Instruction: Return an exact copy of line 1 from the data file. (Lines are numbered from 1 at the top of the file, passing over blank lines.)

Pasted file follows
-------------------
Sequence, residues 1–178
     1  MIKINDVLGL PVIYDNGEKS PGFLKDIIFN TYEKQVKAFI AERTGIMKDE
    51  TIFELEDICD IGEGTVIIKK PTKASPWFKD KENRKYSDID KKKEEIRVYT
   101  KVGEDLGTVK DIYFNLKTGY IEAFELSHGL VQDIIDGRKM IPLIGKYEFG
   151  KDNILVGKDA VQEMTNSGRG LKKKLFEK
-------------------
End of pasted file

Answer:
Sequence, residues 1–178